2 S36 providers actions, review of medical records, and direct observation of the physician-patient encounter. Each method has limitations. Direct observation or audiotaping of clinical encounters is the gold standard but is cumbersome and expensive to implement, even in research settings (Stange et al., 1998). Providers generally overestimate how often they counsel patients about health-related behaviors, including smoking (Montano & Phillips, 1995; Thorndike et al., 1998). Patients reports may either underestimate (Thorndike et al., 1998) or overestimate (Pbert et al., 1999; Wilson & McDonald, 1994) their receipt of counseling services, including smoking counseling, compared with direct observation (Ellerbeck, Ahluwalia, Jolicoeur, Gladden, & Mosier, 2001; Pbert et al., 1999; Stange et al., 1998; Wilson & McDonald, 1994). No published data compare these methods for assessing the full spectrum of USPHS-recommended 5A tobacco intervention activities. Medical record documentation of health-behavior counseling, including smoking cessation counseling, has been shown repeatedly to underestimate actual practice (Nicholson, Hennrikus, Lando, McCarty, &Vessey, 2000; Pbert et al., 1999; Stange et al., 1998; Wilson & McDonald, 1994). Electronic medical records (EMRs) are being adopted at a rapid pace by health care institutions and physician practices (Schneider, Riehl, Courte-Wienecke, Eddy, & Sennett, 1999; Tang, LaRosa, & Gorden, 1999). EMRs are easier to review than paper records and often use templates to record standard information, a feature that might improve providers documentation of tobacco counseling activities (Soto, Kleinman, & Simon, 2002; Spenser, Swanson, Hueston, & Edberg, 1999). To our knowledge, no study has compared EMR review with other methods of assessing providers delivery of tobacco cessation counseling in office practice. If agreement between methods is high, it would suggest that EMR systems can provide a valid index of tobacco intervention by clinicians. By contrast, low rates of agreement would suggest that an EMR does not, by itself, ensure accurate recording of tobacco intervention in the medical encounter and that further adaptations may be needed to enhance the utility of the EMR. The present study compared three methods of measuring how often primary care physicians and nurse practitioners delivered the 5A smoking intervention in office practice: provider survey, patient survey, and EMR review. The study extends past work by comparing the EMR with other methods for measuring smoking counseling and by providing a systematic examination of each of the five actions recommended in the USPHS tobacco treatment clinical guideline. We hypothesized that providers who reported higher levels of performing 5A tobacco counseling would be more likely to document such counseling in the EMR and would have a higher percentage of patients who reported receiving each of the 5A s. Method The present analysis used baseline data from an ongoing study evaluating the effect of feedback and reimbursement on primary care providers rates of addressing their patients tobacco use. The study is being conducted at eight Boston-area primary care practices that use an EMR and are affiliated with Partners HealthCare, Inc., an integrated health care delivery system in eastern Massachusetts. Physicians and nurse practitioners in the participating practices were recruited for the study, and 114 (88%) of the 129 eligible providers consented (106 physicians and 8 nurse practitioners). At baseline, we measured providers adherence to the national tobacco treatment guideline by assessing what occurred when a smoker made an office visit to a participating provider during a 2-month observation period. The assessment consisted of a patient survey mailed after the visit, review of the patient s EMR from that visit, and a concurrently administered survey asking the provider to report his or her usual practice regarding tobacco treatment. The data collection forms for these assessments measured a common set of actions based on the USPHS tobacco treatment guideline, using the structure of the 5A algorithm. In this way, the analysis could compare, for a common set of items, agreement between the patient survey, medical record, and provider survey. The study was approved by the institutional review board of Partners HealthCare, Inc. Providers and patients were informed that the surveys were part of a research study designed to assess how physicians addressed patients tobacco use. Patient survey All adults who made an outpatient visit to the 114 participating primary care physicians or nurse practitioners during the 2-month observation period (January 15 March 15, 2002) were identified from administrative records (N521,344). We reviewed the EMRs of these patients by early April 2002 to identify likely current smokers, defined as any patient who was identified as a smoker in a chart note in the past 3 years and who had not subsequently been noted to have quit. The goal was to maximize our chance of identifying all current smokers. This process identified 2,030 probable current smokers (10% of the patients seen). As required by the institutional review board, we asked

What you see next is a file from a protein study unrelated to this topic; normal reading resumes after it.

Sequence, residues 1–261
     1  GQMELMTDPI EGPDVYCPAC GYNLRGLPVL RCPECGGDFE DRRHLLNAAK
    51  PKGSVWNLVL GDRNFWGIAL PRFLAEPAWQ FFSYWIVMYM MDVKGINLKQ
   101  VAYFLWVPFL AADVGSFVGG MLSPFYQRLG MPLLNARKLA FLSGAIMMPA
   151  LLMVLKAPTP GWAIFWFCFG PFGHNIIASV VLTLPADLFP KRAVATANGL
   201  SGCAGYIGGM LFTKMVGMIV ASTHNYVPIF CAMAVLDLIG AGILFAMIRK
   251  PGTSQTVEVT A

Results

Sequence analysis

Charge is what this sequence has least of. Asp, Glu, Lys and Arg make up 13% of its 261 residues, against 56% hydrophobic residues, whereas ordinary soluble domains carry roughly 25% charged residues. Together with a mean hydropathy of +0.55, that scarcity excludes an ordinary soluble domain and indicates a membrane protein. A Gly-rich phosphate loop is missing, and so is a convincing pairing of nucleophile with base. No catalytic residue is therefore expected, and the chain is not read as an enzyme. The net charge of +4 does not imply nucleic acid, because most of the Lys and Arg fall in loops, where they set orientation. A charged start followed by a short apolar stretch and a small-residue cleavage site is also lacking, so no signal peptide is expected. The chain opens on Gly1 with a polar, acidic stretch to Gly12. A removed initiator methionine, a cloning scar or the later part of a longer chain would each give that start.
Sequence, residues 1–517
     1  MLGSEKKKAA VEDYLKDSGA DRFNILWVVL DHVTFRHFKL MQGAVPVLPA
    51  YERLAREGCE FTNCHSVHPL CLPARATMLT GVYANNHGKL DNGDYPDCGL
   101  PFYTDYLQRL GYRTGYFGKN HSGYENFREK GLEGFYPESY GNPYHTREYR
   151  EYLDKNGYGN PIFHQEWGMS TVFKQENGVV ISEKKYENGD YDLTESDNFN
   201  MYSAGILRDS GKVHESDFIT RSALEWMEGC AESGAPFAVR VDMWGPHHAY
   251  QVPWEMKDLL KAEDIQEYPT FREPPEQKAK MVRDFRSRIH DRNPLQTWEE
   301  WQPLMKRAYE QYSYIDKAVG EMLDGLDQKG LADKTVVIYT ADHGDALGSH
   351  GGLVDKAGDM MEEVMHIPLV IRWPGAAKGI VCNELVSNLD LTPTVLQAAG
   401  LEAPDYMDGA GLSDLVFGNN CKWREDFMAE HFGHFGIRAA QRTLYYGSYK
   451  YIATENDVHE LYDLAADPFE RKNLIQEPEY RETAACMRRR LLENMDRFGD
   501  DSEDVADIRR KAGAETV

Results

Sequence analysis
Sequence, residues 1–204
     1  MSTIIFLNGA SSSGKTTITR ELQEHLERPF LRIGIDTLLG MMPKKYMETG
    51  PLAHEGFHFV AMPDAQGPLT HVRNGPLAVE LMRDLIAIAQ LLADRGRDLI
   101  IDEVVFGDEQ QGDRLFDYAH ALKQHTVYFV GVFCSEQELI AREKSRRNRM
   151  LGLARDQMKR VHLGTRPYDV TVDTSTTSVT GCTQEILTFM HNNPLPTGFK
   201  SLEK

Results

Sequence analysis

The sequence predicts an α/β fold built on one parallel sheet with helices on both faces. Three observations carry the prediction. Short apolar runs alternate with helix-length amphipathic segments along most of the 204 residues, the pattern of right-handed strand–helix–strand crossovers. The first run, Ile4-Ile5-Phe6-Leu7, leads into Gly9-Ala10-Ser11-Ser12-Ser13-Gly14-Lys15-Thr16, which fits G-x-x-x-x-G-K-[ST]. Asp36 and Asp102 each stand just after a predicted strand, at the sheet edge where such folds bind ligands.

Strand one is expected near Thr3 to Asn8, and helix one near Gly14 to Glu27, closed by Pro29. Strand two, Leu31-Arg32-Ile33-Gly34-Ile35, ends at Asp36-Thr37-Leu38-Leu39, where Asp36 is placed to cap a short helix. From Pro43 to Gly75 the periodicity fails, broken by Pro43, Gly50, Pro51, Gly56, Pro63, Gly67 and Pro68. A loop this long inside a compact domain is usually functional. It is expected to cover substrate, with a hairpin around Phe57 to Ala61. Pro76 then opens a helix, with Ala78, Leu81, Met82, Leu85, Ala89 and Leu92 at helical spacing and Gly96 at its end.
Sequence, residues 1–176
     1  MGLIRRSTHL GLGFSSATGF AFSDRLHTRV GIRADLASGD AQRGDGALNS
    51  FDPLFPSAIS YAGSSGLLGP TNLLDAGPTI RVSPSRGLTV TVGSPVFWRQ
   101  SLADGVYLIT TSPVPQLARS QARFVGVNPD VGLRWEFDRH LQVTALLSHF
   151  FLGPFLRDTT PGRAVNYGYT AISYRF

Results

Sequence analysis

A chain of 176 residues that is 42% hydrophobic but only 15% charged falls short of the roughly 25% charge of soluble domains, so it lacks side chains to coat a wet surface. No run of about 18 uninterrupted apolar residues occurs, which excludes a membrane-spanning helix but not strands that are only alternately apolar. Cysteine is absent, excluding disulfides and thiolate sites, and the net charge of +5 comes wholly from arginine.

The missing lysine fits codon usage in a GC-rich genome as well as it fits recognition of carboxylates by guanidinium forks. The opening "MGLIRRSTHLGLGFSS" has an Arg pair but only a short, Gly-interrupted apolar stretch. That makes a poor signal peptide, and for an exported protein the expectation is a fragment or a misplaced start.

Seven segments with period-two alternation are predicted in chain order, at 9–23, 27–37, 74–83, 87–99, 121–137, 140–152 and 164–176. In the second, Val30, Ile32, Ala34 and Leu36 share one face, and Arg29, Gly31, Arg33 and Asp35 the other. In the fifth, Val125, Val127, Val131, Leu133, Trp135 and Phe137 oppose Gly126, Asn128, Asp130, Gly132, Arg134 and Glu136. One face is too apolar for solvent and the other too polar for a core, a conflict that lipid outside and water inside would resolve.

3 NICOTINE & TOBACCO RESEARCH S37 each patient s physician for permission to contact the patient. By May 2002, we obtained permission to contact 1,613 patients (80%). When permission was denied, providers usually indicated a legitimate reason. Most often the patient was a nonsmoker or had poor mental status. Contacted patients received a mailed survey in May June The subsequent survey protocol included a postcard reminder, a second mailing, and up to 10 attempts to administer the survey by telephone. Surveys were completed by 766 patients (47% response rate). A total of 686 (90%) of the respondents recalled their visit during the observation period, but 164 (24%) of those recalling the visit either claimed they were not smoking at the time of the index visit (n5162) or failed to answer this question (n52). The remaining 522 respondents were smokers at the time of the index visit for this analysis. Respondents did not differ from nonrespondents by gender (65% vs. 63% female, p5.62), but respondents were somewhat older than nonrespondents (47.5 vs years, p,.001). The survey asked patients about the actions their provider had taken to address tobacco use during a specific office visit (the index visit). Actions were categorized using the 5A model, as shown in Table 1. Response options were yes, no, or don t recall. Patients who indicated don t recall were considered not to have received that step. Electronic medical record The EMR system used in the present study contained a health maintenance grid in which providers or other office staff could note or update a patient s smoking status and indicate that counseling had occurred on a specific date. All other tobacco counseling was noted in the free text section of the note. The system contained no mandatory response fields, and no mechanism prompted the provider to perform or document 5A counseling after indicating in the health maintenance grid that a patient was a smoker. We reviewed the EMRs of the 522 patients who completed the patient survey, recalled having made a visit to the primary care practice during the study period, and reported having been a smoker at the time of the visit. The EMR contained a visit note from the study period for 479 (92%) of these patients. A single trained research analyst reviewed these medical records for documentation of the 5A s. The review encompassed all visit notes from the study period and the year preceding the index visit, along with entries made during this time frame in the health maintenance grid, problem list, and medication list. Medical record review forms were developed to assess the provision of the USPHS clinical practice guideline, using the 5A model, and to match questions asked on the patient survey (Table 1). Response options were yes or not noted. The 43 Table 1. Questions from patient and provider surveys. 5A Patient survey Question Provider survey Question Ask At your last visit in January, February, or March; did anyone ask if you use tobacco? At your visit in January, February, or March, did the doctor or nurse practitioner do any of the following? How often do you ask about or otherwise identify a patient s smoking status at a typical visit (including new patient, problem, and health maintenance visits)? If your patient is a smoker, how often do you do each of the following on a typical visit (including new patient, problem, and health maintenance visits)? Advise Advise you to stop smoking Advise patients to quit smoking Assess Ask you about your interest in quitting smoking Ask smokers about their interest in quitting smoking Ask if you were willing to set a quit date Assist: Counsel Talk with you about how to quit smoking Provide brief counseling about how to quit smoking Assist: Materials Give you reading material to help you stop smoking Give out written stop-smoking materials Assist: Medication Assist: Refer Arrange Recommend using nicotine patch or gum to stop smoking Recommend using nicotine inhaler or nasal spray to stop smoking Recommend using Zyban (Wellbutrin, bupropion) to stop smoking Refer you to a nurse or someone else in the office for more information about quitting smoking Give you a telephone number to call for help quitting Give you information about counseling classes or programs to help you quit smoking Refer you to the Quit Smoking Program at BWH or MGH Suggest a follow-up visit or phone call about quitting smoking Discuss use of medications (nicotine replacement or Zyban) to stop smoking Refer to a nurse or someone else in the office for more information about quitting smoking Refer for telephone counseling (e.g., Massachusetts Quitline, TRY-TO-STOP) Refer to a smoking cessation class or program such as the MGH or BWH Quit Smoking Service Suggest a follow-up visit or phone call about quitting smoking